The theme of this shoot was “Portrait” photography that was intended for both studio and on-location shooting.
All the shots were taken with the combination of the new “GFX100 II” and “GF55mmF1.7 R WR”.
The subject for this shoot was Kokoro Aoshima, who models but is also a talented actor. I wanted to capture her not only as a beautiful fashion portrait, but also as a portrait that would bring out her strong spirit, as her eyes create a striking impression.
Since we wanted to present the studio shoot as a “beauty photo” with the simplest possible set-up, we added a hard, sharp light with a graphic quality, as well as a very simple styling, using black and white garments for two different looks.
The hair and makeup was not applied to “add” elements, but to “subtract” as much as possible, hoping to present a photo that would emphasize the beauty of her true self.
Regardless of shooting in studio or outdoors, I must be particular when it comes to the contrast between light and shadow. In this studio shoot, I was especially conscious of expressing highlights nearly white but with details, and vice versa, shadows containing details without disappearing into the blacks.
I was quite amazed by the wide dynamic range of the GFX100 II, as I detected zero noise even when I adjusted the RAW data and raised the dark areas that had been under-exposed. Despite the fact that I was shooting in high contrast lighting, I was able to achieve a smoother gradation from white to black than I had anticipated, with no white skipping or blacking out.
The light in the studio was a mixture of LEDs and strobes, resulting in a darker atmosphere with more contrast than the finished photograph. However, the viewfinder was very easy to read regardless of the dark conditions. Since I had selected “Monitor Exposure Reflect OFF”, I was able to see the atmosphere of the scene through the viewfinder, however, I was able to follow the expressions and movements of the subjects without any sense of discomfort.
I find that camera performance is much more tested under on-site shooting than it is in the studio.
Since we are generally shooting hand-held and in motion, features such as autofocus, face/eye recognition, and image stabilization are all important, and the better the performance, the more reliable it is to shoot.
The lens I used in this project was the new GF55mmF1.7 R WR. I was looking forward to seeing what kind of expression I could achieve by using the maximum aperture of F1.7 through the large sensor of the GFX100 II, which is why I shot almost all of my shots with this aperture.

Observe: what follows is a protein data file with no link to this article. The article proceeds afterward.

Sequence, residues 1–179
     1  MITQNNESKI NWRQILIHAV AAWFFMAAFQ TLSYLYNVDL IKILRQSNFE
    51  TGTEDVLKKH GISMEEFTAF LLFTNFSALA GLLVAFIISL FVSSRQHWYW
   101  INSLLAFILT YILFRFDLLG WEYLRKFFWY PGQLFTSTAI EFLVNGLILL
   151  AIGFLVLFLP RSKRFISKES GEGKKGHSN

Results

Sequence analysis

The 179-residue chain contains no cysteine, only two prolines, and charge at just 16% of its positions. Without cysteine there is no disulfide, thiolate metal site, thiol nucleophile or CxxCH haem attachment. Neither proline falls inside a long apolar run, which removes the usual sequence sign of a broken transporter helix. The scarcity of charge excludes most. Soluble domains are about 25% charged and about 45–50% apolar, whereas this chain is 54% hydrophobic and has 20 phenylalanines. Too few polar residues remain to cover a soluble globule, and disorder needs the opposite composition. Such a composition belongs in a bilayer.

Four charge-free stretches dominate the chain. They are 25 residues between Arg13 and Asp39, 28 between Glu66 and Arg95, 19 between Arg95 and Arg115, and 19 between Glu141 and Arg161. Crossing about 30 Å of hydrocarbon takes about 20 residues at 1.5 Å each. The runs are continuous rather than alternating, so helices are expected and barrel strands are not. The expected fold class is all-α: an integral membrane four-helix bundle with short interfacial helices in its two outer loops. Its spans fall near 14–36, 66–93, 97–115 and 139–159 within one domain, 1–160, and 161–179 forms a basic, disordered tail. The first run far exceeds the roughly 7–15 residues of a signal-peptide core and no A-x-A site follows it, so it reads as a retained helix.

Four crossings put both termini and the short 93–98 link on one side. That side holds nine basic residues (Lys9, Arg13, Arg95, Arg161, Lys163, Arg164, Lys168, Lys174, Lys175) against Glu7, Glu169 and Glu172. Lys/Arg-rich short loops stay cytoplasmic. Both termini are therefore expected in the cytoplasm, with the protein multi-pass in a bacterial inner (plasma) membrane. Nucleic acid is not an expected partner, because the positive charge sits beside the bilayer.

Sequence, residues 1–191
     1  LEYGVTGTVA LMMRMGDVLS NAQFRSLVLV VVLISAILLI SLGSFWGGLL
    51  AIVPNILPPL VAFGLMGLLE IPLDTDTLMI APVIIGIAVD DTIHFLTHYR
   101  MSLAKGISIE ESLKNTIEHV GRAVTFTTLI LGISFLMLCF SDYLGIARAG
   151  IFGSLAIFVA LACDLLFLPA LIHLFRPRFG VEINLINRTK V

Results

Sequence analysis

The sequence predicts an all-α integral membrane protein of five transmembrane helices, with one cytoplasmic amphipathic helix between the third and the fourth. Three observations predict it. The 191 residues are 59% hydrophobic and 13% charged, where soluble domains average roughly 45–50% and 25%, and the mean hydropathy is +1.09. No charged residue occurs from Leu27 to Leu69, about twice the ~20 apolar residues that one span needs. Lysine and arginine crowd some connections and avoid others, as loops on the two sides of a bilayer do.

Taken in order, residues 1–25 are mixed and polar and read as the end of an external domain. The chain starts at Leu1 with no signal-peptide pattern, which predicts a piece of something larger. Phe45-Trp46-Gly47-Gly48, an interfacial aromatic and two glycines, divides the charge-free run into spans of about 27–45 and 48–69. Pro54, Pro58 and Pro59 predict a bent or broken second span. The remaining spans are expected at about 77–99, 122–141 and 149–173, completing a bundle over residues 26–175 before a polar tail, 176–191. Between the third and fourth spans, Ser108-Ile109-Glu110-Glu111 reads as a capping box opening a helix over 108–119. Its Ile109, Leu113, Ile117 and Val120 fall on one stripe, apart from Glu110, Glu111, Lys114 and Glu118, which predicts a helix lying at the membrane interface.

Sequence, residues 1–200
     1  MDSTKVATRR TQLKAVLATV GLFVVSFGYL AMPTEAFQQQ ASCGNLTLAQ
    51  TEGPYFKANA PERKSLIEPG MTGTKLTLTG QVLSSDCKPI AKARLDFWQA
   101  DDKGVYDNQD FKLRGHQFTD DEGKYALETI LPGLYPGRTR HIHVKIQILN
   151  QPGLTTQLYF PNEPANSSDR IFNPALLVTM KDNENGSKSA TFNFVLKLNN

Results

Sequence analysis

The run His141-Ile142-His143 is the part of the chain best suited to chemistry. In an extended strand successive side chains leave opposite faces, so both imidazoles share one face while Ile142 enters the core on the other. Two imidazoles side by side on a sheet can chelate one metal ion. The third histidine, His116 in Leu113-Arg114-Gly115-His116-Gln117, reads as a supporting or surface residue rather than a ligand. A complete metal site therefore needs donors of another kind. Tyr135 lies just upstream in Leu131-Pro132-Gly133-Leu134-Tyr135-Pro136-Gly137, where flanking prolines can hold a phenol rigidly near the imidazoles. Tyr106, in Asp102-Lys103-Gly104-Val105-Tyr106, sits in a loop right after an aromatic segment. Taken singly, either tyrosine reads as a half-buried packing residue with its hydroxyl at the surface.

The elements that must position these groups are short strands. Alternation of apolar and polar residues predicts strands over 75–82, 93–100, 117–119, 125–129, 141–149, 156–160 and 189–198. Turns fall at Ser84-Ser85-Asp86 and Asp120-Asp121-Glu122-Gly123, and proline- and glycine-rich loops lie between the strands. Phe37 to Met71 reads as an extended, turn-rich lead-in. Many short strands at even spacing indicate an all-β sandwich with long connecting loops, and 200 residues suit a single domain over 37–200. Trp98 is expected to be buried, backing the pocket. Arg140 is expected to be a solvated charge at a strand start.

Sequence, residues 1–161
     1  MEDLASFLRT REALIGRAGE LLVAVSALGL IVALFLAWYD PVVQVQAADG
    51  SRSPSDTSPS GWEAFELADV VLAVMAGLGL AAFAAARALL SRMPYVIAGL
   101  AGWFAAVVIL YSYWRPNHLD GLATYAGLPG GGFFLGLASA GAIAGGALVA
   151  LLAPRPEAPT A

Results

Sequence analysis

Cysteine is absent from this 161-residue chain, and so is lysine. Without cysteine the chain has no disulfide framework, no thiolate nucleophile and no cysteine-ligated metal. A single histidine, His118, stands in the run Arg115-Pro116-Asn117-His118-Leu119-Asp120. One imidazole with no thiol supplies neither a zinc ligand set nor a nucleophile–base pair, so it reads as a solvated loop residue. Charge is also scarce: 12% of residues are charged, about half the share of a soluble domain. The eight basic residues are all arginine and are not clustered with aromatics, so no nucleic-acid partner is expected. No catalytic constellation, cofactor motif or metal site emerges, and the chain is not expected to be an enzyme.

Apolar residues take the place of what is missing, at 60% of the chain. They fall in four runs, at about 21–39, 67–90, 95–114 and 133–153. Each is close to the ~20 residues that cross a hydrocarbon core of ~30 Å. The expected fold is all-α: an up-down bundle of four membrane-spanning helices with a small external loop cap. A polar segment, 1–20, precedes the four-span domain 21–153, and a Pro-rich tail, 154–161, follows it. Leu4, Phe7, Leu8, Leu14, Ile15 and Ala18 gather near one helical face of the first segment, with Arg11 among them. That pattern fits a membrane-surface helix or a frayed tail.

The combination of face/eye recognition and AF-C was outstanding.
I was especially impressed when shooting in a grassy setting, where despite the fact that there was more grass in front of the subject, the eye recognition tracked the subject in focus so that hardly any of the photos were out of focus.
Unlike the overly crunchy and sharp focus, the lens seemed to have a “natural” focus.
What I consider “natural” perhaps is the beautiful gradation between the in-focus areas and the smooth blurring out of focus.
It is my impression that the extended dynamic range of the GFX100 II will greatly expand the range of expressiveness when shooting outdoors. The difference between bright and dark areas becomes even greater outdoors than it appears to the eye, and highlights tend to jump out too much while dark areas are often smothered.
The shot of her lying on the grass and the blazing sunset hitting her through the grass, despite the substantial difference in brightness and darkness, turned out to be exactly as I had imagined.
Perhaps the wide dynamic range gives us a sense of being closer to the human eye. I believe that the evolution of camera equipment will certainly expand the range of expression.
I would say that the combination with the GF55mmF1.7 R WR produces the unique expression that only a large sensor can offer. I saw this especially in the full-body shot. The natural and elegant bokeh in the background gives the photo a sense of depth, as if it were taken with a 4×5 camera.
The F1.7 close-up is certainly beautiful, but I would personally like to try taking some more pulled shots using that focal length.
Only the combination of the GFX100 II and GF55mmF1.7 R WR, with the aperture set at F1.7 for most of the shots, was used both in the studio and on location for this project.
The design of the GFX100 II has changed drastically compared to the former GFX100, with a comfortable grip and hold, I was able to hold the camera for many hours on location without any problems.
The size of the GF55mmF1.7 R WR and the balance between the body are so well matched that I even feel a sense of adoration for carrying it around with me on a daily basis. 44mm on a 35mm equivalent scale, which is slightly wider than a standard lens, is also a pleasant length for snapshots.
This is a combination that I would recommend to both professionals and amateurs, and although it is slightly heavy to carry around your neck, you may want to consider carrying it in a small bag.
It will boost the quality of your snapshots up a number of levels.